Renewable energy is like local produce: abundant at times, scarce at others. This analogy has been at the front of my mind lately. Our family joined a Community Supported Agriculture (CSA) operation, and every Sunday, I drop by the farm to pick up our share of the harvest. This week’s box—the “small” share—contains lettuce, kale, cabbage, beets, potatoes, carrots, beans, and squash, all wonderfully fresh and clearly grown with love.
Mixed with my delight at this haul of produce is always a note of dread. What am I going to do with all these veggies? There’s no way to eat them before the next box arrives, and I can’t bear to see them go to waste. The answer, of course, is to store them. I’ve started blanching and freezing the greens and wax beans, knowing that next February, I’ll still be enjoying this summer’s bounty.
The CSA provides only a small fraction of our family’s annual food needs. If I wanted to increase that fraction, I’d need to buy a larger share, and I’d also need to raise my storage game. If I wanted to live entirely on local produce, I’d need to re-learn the full suite of techniques—drying, canning, pickling, and root cellar storage—that my great grandparents employed a hundred years ago on their farm in Ohio.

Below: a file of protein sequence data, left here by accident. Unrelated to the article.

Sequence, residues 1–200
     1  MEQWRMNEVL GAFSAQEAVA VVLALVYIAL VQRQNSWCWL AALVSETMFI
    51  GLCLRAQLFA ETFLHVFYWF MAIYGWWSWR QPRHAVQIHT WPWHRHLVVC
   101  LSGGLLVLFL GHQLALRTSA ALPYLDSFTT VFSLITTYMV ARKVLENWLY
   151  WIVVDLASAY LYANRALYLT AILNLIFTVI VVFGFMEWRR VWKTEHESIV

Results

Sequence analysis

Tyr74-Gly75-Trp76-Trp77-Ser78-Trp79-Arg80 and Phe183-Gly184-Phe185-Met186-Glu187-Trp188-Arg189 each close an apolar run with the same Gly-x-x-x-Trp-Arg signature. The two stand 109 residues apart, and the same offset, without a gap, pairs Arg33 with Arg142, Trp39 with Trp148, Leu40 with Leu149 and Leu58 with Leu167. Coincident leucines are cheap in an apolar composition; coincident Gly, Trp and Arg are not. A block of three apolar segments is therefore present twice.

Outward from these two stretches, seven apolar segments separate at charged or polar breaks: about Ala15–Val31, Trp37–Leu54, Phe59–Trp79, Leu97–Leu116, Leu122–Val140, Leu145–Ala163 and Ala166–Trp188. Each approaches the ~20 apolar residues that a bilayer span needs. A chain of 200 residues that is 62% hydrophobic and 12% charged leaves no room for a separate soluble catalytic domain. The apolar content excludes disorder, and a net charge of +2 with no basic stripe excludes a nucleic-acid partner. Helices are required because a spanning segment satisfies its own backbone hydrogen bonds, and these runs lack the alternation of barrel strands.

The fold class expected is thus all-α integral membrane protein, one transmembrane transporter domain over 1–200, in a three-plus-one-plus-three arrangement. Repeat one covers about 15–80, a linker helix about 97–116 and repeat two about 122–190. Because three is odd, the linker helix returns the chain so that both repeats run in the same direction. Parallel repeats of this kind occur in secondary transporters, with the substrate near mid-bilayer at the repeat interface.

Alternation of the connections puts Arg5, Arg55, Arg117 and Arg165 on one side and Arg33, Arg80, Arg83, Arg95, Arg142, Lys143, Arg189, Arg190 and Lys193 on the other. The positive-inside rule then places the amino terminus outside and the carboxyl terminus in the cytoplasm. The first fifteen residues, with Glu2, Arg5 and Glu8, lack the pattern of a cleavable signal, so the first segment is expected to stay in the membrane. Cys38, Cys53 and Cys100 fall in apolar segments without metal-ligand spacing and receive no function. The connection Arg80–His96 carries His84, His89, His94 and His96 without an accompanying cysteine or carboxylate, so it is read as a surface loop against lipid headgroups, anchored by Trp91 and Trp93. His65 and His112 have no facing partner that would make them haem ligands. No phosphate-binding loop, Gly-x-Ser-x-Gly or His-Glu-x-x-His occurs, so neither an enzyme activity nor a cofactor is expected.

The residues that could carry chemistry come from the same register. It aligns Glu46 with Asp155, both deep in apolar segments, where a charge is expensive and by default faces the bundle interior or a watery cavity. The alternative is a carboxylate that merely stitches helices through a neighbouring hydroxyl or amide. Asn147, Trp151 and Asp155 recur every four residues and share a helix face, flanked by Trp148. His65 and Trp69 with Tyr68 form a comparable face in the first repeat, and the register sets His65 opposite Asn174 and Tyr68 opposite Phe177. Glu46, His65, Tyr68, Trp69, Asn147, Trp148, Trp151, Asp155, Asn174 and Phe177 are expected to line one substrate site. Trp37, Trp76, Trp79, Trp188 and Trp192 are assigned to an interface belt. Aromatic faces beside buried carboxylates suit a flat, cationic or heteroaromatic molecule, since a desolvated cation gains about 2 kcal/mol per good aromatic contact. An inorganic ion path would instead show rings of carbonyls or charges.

Demand and the duck curve
Like local produce, the availability of wind and solar electricity varies over time. Photovoltaic (PV) modules only generate electricity when the sun is shining; wind turbines only produce when the wind blows. These resources fluctuate over the course of a day, day to day, and season to season. This variability presents a challenge to electric utilities, which are tasked with making sure power…
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